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Maxim Defense PDX SD: Short, Silent, & Soft Shooting [Review]

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Photos by Tamara Keel with Dave Merrill

Back in 2019, Maxim Defense won RECOIL’s Best of SHOT award and also graced the cover of RECOIL Issue 41 when they released the PDX, a short 5.5-inch barreled PDW with an overall length of 18.75 inches and offered in 5.56mm, .300BLK, and — our favorite in this form — 7.62x39mm. Systems this small have been attempted before, but, importantly, the Maxim Defense PDX actually worked. They cracked the code. 

When it comes to a gun that’s stubby and stashable while also chambered in a rifle caliber, the clandestine capability also comes with an awful lot of bang. Maxim Defense spent the following years developing a fix for this next part of the problem — making it more stealthy with all the blast and gas. 

With lessons learned from the development of their MSX-240 suppressor that withstands the rigors of a full-auto 7.62x51mm belt-fed, along with further design insights stemming from their DSX silencer line, last year at CANCON 2022 Maxim Defense finally showed off their latest: the PDX SD.

At a mere 23.75 inches tail-to-tip, the PDX SD is only 5 inches longer than a traditional unsuppressed Maxim Defense PDX, yet still sits below the length threshold of any rifle you can buy off-the-shelf at Cabela’s. It’s seriously small, and the next thing you’ll notice is exactly how fat the silencer section is. Jokingly dubbed “the soup can,” the silencer that sits on the SD has an outer diameter of 2.25 inches.

Some Maxim Defense soup can prototypes, with the PDX silencer on the far left.


We’ve reported in the past that the U.S. Military is taking steps toward an all-suppressed army, and they’re starting with SOCOM. While other companies are working on retrofits (and Maxim is doing some of that themselves), Maxim took a different approach here.  

President and CEO of Maxim Defense, Michael Windfeldt, says, “The standard way of doing business is picking the rifle, then adding the suppressor — adding to the gas pressure problem. So, then they [DoD] ask for a lower-flow suppressor.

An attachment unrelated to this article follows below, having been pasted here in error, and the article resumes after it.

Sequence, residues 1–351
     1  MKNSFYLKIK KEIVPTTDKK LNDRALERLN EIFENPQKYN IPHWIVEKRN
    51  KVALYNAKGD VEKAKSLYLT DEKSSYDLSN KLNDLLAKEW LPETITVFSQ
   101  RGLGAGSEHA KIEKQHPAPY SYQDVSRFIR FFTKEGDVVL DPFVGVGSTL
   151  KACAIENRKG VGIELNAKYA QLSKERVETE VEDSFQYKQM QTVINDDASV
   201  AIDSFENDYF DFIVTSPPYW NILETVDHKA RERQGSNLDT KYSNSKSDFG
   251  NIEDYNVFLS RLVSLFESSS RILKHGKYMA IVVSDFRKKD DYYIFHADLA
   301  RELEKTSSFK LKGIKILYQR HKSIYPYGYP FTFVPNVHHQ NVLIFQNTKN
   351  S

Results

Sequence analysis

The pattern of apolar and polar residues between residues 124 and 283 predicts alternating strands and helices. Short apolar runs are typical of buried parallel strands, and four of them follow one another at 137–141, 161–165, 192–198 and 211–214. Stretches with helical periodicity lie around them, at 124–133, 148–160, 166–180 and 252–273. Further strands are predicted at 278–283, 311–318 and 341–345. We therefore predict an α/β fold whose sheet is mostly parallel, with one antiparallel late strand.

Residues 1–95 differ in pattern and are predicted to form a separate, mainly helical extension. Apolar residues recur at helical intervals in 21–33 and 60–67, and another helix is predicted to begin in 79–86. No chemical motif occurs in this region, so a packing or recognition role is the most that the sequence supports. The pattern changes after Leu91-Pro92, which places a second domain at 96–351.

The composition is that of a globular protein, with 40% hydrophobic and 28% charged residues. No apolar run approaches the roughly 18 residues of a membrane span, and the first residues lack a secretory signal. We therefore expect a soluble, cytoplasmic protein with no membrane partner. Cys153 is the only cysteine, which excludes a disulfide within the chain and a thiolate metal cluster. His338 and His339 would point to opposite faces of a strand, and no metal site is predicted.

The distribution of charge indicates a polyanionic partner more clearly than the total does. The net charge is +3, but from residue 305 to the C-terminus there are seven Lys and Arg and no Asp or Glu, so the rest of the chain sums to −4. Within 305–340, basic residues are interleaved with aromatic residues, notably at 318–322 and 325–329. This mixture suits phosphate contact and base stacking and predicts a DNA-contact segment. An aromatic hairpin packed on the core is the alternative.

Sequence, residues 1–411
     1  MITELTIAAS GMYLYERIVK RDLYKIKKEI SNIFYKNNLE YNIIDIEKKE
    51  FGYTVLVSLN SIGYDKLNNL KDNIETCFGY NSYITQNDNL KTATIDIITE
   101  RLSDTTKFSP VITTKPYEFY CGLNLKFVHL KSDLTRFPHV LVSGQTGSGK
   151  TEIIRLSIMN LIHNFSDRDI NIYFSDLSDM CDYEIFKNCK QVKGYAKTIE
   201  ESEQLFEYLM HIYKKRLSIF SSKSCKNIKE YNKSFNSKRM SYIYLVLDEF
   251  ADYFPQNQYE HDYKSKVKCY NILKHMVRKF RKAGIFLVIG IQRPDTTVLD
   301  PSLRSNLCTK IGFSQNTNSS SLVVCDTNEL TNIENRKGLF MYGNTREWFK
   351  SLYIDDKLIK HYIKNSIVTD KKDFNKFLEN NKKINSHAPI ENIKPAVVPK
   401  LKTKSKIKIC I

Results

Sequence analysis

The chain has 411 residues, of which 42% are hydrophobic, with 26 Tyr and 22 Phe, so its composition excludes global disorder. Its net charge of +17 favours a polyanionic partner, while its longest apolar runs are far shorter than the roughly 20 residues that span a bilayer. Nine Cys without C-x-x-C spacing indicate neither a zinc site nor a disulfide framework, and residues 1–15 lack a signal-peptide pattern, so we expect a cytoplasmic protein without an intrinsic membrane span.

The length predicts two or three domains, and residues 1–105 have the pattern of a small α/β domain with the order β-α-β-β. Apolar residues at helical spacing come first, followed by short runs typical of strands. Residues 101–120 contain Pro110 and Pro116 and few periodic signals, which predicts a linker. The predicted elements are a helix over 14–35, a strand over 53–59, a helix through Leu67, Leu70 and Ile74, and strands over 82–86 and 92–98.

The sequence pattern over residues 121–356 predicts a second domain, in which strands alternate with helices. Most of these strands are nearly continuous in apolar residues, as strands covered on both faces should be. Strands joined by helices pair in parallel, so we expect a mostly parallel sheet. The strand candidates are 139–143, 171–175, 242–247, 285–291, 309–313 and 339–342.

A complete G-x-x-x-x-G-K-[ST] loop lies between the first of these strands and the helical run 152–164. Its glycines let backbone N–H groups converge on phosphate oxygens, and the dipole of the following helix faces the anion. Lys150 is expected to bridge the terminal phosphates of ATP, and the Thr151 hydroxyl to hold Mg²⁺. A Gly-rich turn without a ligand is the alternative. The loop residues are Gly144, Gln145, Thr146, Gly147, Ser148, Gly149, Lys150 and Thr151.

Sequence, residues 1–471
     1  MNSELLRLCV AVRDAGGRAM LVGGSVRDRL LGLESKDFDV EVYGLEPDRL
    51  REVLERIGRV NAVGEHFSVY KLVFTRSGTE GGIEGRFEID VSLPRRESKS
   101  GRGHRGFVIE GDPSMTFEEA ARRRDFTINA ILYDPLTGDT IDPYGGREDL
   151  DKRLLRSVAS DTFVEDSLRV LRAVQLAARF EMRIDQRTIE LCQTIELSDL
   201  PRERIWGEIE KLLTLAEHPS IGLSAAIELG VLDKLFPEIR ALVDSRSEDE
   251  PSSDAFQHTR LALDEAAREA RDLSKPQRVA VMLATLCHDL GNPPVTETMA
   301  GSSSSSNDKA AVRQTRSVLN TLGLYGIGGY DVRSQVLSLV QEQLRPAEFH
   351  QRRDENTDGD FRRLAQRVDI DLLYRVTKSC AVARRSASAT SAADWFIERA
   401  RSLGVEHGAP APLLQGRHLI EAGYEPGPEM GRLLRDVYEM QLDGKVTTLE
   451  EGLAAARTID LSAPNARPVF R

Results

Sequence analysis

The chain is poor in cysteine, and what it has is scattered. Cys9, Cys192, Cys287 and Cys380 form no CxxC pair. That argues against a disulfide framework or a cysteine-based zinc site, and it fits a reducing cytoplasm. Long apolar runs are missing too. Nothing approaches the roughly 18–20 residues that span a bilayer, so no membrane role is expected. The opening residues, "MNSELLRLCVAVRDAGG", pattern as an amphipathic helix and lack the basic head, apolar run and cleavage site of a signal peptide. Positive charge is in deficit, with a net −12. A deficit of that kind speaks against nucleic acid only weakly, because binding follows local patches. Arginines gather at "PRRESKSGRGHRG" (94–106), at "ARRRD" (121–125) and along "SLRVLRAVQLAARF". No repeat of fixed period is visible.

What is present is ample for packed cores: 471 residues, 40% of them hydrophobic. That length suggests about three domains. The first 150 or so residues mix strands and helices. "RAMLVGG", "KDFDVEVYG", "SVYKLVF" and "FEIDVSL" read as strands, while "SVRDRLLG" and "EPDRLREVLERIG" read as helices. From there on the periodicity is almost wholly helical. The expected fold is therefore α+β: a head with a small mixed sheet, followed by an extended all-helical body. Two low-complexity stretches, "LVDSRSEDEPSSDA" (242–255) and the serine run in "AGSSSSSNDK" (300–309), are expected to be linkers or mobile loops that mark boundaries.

We take the systematic approach; we’re designing our weapons to always be suppressed. The suppressor is the muzzle device to those systems, and designed and tuned for the rifle. The PDX SD is a special-purpose rifle, required to be very small and hearing safe.”


One major difference between the PDX SD and what we’d normally call an “integral” is that the silencer unit itself can be removed. What makes us still classify the Maxim Defense PDX SD as an integral is that the silencer was specifically designed for the gun, and the gun specifically for the silencer — they’re a system and need to work together in order to work at all. 

Designing the suppressor module to be removable not only makes basic maintenance like cleaning more traditional than with other integrals, importantly it means that parts can be easily and readily upgraded and replaced with newer technology down the line.  

Just 23.75 inches long.

This is much harder than it looks, especially when everything from the barrel to the bolt carrier to the buttstock add additional variables to contend with. 

Since the launch of the PDX back in 2019 and the setup you see here now, we’ve shot multiple protype iterations of the PDX SD. We started with Mk1, then Mk2, and Mk-god-only-knows before you see what’s here today.

Maxim’s director of engineering, Patrick Tramble, ran off a laundry list of both major and minor challenges they had to overcome to produce the PDX SD. 

Needless to say, the PDX SD has even more custom work than the original PDX, with the heaviest lifting taking place in the balance of size, sound, and reliability. With its own custom-length gas system, handguard, and proprietary sealing mechanism, you won’t be doing much parts-swapping or building a PDX SD 1:1 in your garage, at least not if you want it to work. 

The PDX SD was designed as a straight-out-of-the-box solution. As a special-purpose system, if it doesn’t make sense to you, then it wasn’t made for you. 


We should’ve known the PDX SD would be special when the folks at Maxim broke out their cellphone cameras as we picked it up at the range. They’ve done this to us before with premiere products to catch our unedited reactions, first with the original PDX and later with their have-a-convo-while-shooting M240 silencer. But having experienced previous PDX SD prototypes, the thought didn’t even cross the mind. 

The very first shot felt too light, like a misfire of a rifle that didn’t properly cycle. That worry was dashed with another pull of the trigger, followed by the splash of steel downrange. The PDX SD is so properly balanced and the gas so finely tuned it shoots like a high-end competition gun with a bi-gassed brake on the end, except it’s shorter than two soda bottles and is hearing safe. Seriously? Seriously. 

Maxim Defense PDX SD

  • Barrel Length: 5.5 inches
  • Overall length: 23.75 inches
  • Weight: 7.5 pounds


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